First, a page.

Msia’s reform commitment should continue with new leadership


THE appointment of the eighth Prime Minister (PM) Tan Sri Muhyiddin Yassin (picture) is expected to be greeted mainly by the public’s pressure for the new administration to uphold its integrity, while continuing the country’s reform agenda with impartiality.

After all, Malaysia was already on the path of major institutional and legislative reforms under the previous Pakatan Harapan (PH) government.

Among the reform measures are limiting the PM’s tenure to two terms, as well as reviewing the Printing Presses and Publications Act, the Sedition Act, along with the Prevention of Crime Act and the Security Offences (Special Measures) Act.

Some of the efforts that had already borne fruit include the lowering of voting age to 18, repealing the Anti-Fake News Act and amending the Peaceful Assembly Act, which were all linked to PH’s manifesto.

Stakeholders and the public will now be keeping a close watch on Malaysia’s reform journey following yet another shift of power as a result of a one-week political roller coaster ride.

Universiti Malaya’s constitutional law expert Prof Datuk Dr Shad Saleem Faruqi said any government of the day shall pursue the reform agenda without partisan interference.

“Whichever government that is in power, it shall pursue the agenda for reform and do it without the matter of partisan. These changes are of national interest,” Shad Saleem told The Malaysian Reserve yesterday.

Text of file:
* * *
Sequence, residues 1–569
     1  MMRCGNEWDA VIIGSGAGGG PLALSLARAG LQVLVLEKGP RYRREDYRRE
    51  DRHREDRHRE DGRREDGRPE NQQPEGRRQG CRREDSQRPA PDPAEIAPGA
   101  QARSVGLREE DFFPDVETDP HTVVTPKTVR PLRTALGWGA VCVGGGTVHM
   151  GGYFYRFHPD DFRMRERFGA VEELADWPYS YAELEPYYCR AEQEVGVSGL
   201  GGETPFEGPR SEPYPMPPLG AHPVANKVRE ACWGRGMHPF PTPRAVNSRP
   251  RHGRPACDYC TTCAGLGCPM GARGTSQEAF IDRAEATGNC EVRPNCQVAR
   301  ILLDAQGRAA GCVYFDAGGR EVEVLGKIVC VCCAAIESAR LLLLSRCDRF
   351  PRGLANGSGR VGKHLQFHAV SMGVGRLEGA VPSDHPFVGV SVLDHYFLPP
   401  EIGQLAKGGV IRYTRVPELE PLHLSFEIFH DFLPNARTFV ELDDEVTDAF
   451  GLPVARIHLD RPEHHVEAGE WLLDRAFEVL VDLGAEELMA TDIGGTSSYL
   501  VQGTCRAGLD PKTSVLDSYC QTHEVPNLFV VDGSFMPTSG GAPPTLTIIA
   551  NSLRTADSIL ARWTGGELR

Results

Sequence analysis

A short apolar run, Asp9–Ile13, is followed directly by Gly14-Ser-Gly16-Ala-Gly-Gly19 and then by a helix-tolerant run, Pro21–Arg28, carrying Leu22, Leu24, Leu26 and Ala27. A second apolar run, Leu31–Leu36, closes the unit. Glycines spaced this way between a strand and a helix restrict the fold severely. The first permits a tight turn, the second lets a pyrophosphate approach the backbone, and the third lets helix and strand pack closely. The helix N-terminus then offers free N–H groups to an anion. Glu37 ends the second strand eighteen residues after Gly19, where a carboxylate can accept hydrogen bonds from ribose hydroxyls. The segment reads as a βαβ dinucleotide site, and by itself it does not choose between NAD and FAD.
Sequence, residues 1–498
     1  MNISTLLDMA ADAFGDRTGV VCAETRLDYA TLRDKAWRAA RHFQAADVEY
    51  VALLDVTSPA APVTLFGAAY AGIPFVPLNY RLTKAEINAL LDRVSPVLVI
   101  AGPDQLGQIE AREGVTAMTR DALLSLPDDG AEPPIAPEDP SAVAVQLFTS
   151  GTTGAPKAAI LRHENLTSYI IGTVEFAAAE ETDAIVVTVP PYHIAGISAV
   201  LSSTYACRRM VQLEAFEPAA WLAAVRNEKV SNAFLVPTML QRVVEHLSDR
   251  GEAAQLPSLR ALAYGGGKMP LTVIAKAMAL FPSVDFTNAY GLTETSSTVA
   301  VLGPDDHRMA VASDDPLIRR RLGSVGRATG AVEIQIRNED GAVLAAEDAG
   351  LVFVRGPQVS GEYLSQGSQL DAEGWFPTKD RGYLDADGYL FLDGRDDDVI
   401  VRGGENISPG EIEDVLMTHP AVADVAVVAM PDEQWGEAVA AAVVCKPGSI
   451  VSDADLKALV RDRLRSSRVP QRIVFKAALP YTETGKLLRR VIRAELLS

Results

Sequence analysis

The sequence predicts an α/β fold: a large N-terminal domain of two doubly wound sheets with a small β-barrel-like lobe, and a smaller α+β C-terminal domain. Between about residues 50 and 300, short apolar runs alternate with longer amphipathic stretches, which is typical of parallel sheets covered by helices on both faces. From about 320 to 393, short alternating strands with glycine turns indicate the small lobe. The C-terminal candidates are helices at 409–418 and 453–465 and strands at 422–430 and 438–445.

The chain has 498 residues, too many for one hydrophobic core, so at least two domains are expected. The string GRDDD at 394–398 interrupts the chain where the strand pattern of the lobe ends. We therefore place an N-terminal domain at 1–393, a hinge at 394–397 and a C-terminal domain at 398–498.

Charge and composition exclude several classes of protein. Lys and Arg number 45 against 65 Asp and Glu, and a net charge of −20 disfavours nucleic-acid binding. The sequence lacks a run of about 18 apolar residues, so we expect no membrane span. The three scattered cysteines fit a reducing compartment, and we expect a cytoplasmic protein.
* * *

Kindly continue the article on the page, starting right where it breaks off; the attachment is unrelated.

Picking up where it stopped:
Shad Saleem, who was named one of the Institutional Reforms Committee members, said it is hoped the reforms will be continued for justice and the good of the country, while improving Malaysia’s standing in the world community.

He said reform is a controversial matter, but what is right must be done.

“As the saying goes, leaders of substance do not follow opinion polls. They mould opinions and create support like how Abraham Lincoln abolished slavery and how Jawaharlal Nehru eliminated the caste system,” he added.

It remains to be seen how Muhyiddin’s leadership would spearhead the reform agenda, especially with the support from “scandal- ridden leaders” in the coalition.

Amnesty International regional director Nicholas Bequelin said in a statement that changes in the Malaysian government must not stall vital human rights reforms.

“It would be disastrous for a new government to come into power and reverse this reform agenda. Any new leadership in the country must commit to fully respect, protect and fulfil all human rights.

“A litmus test will be the progression of crucial reform processes, including the abolition of the Sedition Act and the mandatory death penalty in full, as well as undertaking other rights reforms that were promised to the Malaysian people when they elected the government back in 2018,” Bequelin said on the non-governmental organisation’s website last week after the resignation of the seventh PM Tun Dr Mahathir Mohamad.

Bequelin said up to now, the government’s commitment to human rights change has been slower than desired, but nonetheless commendable as first steps.

During the Barisan Nasional government, Malaysia saw several directives that threatened press freedom.

The Home Ministry suspended publishing permits of two newspapers for three months at the height of the 1Malaysia Development Bhd (1MDB) scandal in 2015.

The publisher said a letter from the Home Ministry stated that the two publications reporting on 1MDB was “prejudicial or likely to be prejudicial to public order, security; or likely to alarm public opi- nion; or is likely to be prejudicial to public and national interest”.

Last year, Malaysia jumped 22 spots to 123rd in the World Press Freedom Index as compiled by Reporters Without Borders.

The country bested Asean countries with Indonesia at the 124th, Philippines (134th), Thailand (136th), Myanmar (138th), Cambodia (143rd), Singapore (151st), Brunei (152nd), Laos (171st), and Vietnam (176th).